The original design layout of a PDF may be at risk due to font substitution.

ISSUE
Fonts may be substituted (with the closest default font) when opening a file in Microsoft Windows created in Mac OS.

EXAMPLE

SOLUTION
Do:
Use cross-platform OpenType, Unicode-based fonts that do not require conversion.
Standardize on fonts throughout the supply chain.

Don’t:
Use bitmap (screen) fonts.

TIPS
The following steps detail how to view font properties:
Apple Font Book:

  • Open Font Book.
  • Select the font from the Font window.
  • Go to File, select Preview, and then select Show Preview.
  • Check the properties.

Extensis Suitcase Fusion:

  • Open Suitcase Fusion.
  • Go to File and select Get Info. The full name is listed in the File
    Information window.

 

5.6 Standardize on fonts

RISKS
Low-quality copy and artwork, whose appearance can change based on the country/ region.

ISSUE

  • Different regions and vendors use different font sets.
  • Fonts may not be fully licensed, cross-platform, or contain all scripts.
  • Fonts can change from one version to another, affecting quality.

EXAMPLE

SOLUTION
Do:
Publish a list of approved fonts for use by graphic designers and print suppliers.
Standardize on fonts names, versions, and types throughout the supply chain.
Standardize on font vendors/ suppliers throughout the supply chain.
Purchase fonts for your suppliers/ external designers.

Don’t:
Use non-approved fonts.
Use different font versions and types.
Download free fonts from the internet.

TIPS
Refer to corporate graphic guidelines.


 

5.7 Package all artwork elements

RISKS
Images may disappear from artwork and fonts may be substituted.

ISSUE
Adobe InDesign and other design applications link to images and fonts. If the link is broken or the image and font folder are not present, substitutions will occur.

EXAMPLE

SOLUTION
Do:
Collect/ package all artwork elements used in a document before sending it out.
Send the source file with the font and image folders.

Don’t:
Send the source file (Adobe Illustrator and InDesign or QuarkXPress from Quark) without the font and image folders.

TIPS
The followings steps detail the method to collect all elements in an artwork file:
Adobe InDesign:

  • Go to File and select Package.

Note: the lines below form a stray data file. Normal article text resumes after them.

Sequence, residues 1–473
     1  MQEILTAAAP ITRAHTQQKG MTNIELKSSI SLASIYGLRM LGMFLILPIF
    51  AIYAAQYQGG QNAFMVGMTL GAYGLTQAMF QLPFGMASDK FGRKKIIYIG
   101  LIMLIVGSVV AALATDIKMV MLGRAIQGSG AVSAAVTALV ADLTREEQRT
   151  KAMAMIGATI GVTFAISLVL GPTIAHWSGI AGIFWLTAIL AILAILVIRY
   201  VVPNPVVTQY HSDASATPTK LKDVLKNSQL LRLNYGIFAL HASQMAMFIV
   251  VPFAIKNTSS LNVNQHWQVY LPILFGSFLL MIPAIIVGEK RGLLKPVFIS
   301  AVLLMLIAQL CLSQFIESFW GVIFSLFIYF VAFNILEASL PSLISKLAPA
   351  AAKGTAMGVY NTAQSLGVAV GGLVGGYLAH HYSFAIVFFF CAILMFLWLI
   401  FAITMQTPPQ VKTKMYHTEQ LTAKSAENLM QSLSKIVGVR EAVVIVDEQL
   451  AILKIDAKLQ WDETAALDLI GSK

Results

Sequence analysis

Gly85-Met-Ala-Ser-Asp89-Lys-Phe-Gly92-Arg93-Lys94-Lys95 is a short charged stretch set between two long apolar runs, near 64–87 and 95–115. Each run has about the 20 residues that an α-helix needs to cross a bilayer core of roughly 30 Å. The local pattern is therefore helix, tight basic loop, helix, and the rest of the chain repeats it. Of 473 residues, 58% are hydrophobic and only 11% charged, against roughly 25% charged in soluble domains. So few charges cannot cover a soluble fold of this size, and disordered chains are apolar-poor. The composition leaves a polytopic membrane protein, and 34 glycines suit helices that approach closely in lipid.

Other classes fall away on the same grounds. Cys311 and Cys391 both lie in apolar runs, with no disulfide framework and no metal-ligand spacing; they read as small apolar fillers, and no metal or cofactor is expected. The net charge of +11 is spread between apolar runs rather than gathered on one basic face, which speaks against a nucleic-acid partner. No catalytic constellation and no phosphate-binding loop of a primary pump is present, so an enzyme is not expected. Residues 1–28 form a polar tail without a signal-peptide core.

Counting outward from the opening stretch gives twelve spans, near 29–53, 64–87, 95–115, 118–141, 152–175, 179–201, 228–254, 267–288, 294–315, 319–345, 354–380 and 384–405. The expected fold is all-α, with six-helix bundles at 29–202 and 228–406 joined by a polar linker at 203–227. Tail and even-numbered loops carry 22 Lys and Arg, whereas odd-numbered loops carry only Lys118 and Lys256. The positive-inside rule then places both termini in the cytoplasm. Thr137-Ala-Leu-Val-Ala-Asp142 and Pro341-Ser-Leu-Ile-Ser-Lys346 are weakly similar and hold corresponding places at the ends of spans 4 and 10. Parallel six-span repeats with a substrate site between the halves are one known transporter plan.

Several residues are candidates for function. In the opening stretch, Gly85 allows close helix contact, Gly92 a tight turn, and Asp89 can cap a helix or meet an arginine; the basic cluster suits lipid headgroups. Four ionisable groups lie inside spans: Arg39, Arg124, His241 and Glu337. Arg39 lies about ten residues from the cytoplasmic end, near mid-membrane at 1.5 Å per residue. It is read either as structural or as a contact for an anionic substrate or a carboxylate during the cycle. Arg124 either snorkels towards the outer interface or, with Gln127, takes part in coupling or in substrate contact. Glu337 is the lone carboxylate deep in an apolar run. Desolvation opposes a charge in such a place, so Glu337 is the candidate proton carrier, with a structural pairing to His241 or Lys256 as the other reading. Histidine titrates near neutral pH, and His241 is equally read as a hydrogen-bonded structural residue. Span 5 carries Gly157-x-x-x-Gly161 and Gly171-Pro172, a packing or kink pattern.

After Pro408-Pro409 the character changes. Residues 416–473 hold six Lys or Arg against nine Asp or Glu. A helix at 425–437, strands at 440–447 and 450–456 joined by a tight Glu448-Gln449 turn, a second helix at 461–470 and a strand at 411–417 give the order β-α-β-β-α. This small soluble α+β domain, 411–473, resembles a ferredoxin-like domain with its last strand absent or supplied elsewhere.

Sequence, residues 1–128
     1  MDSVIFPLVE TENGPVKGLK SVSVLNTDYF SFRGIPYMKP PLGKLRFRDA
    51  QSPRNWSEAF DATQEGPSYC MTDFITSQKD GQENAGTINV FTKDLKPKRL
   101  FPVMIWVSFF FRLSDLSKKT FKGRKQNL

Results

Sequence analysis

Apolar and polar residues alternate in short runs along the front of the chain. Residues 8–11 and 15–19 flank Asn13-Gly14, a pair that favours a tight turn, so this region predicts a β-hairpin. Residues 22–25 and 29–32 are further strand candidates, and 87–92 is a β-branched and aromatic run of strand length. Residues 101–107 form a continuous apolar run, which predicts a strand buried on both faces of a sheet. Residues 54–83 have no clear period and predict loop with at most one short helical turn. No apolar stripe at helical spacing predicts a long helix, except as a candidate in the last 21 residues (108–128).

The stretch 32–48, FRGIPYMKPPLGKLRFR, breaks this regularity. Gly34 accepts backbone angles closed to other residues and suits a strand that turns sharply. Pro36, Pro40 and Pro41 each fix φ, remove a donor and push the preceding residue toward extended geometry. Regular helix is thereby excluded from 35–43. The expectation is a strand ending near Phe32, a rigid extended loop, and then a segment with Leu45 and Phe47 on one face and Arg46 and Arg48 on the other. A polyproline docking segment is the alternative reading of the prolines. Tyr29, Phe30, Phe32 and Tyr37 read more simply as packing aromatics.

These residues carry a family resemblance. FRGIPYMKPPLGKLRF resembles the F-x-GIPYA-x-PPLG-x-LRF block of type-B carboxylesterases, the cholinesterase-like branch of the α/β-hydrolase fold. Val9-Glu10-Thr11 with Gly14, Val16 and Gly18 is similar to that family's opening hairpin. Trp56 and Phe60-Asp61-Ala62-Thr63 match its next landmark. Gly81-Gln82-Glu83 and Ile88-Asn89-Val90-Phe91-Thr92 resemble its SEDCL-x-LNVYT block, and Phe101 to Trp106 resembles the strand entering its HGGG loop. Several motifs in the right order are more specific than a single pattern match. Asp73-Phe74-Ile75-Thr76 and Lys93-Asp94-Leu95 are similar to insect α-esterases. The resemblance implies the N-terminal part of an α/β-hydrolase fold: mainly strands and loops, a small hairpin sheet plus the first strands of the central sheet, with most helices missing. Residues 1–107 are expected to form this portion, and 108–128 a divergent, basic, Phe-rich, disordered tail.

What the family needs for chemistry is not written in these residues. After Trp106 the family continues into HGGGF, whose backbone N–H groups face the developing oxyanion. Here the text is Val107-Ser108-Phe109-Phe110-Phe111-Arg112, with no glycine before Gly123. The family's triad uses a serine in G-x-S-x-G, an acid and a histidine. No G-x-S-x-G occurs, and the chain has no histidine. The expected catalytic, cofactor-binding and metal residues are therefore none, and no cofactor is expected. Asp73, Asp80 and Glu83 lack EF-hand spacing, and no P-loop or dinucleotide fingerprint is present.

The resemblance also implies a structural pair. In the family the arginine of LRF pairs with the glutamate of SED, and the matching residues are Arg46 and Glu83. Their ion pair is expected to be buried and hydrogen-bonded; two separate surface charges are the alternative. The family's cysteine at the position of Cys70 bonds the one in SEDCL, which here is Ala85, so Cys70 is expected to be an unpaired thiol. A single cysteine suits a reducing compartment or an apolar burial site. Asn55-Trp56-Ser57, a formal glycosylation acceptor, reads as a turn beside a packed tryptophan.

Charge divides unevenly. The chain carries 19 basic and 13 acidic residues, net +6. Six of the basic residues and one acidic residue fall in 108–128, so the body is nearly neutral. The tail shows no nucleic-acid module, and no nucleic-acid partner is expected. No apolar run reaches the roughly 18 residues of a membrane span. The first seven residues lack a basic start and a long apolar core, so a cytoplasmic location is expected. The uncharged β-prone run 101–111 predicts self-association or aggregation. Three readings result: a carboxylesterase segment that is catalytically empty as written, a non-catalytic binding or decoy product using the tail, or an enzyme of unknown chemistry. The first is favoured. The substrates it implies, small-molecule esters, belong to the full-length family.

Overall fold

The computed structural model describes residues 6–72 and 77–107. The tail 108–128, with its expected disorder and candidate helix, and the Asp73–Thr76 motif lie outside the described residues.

• Check for an error message In the Package window.
  • Click on Package and save to the desired destination.

QuarkXPress from Quark:

  • Go to File and select Collect for Output.
  • Click on New Folder in the desired location.
  • Check all required windows to collect all components.
  • Click Save.

Extensis Adobe Illustrator:

  • Go to File and select Package.
  • Use a third-party application (e.g. FlightCheck from Markzware).

 

5.8 Zip all artwork elements

RISKS
Artwork corruption may occur.

ISSUE
Individually transmitted files may become corrupted due to the company firewall or virus detection software and no longer function properly. In addition, fonts may become corrupted during the transmission process.

EXAMPLE

SOLUTION
Do:
Zip your artwork files before sending to ensure all files are properly transmitted.
Download WinZip from Corel or similar programs to receive warnings about potentially unsafe files.

Don’t:
Send font and original artwork files without zipping first.

TIPS
The following programs may be used to zip all artwork elements:

  • StuffIt from Smith Micro.
  • WinRAR.
  • WinZip from Corel.

 

5.9 Use OpenType Pro or Com based on the script used in the document

RISKS
Encoding errors in the PDF may occur.

ISSUE

  • Some glyphs are not extracted properly when using Adobe Illustrator.
  • The extraction process can lead to missing punctuation.

EXAMPLE

SOLUTION
Do:
Use an Extended OpenType or OpenType Pro font for extended features.
Use the font that supports the script corresponding to the language being used.

Don’t:
Use an OpenType Standard font when planning to use multiple languages in the same document.

TIPS
See Appendix 05 for the differences between OpenType font varieties.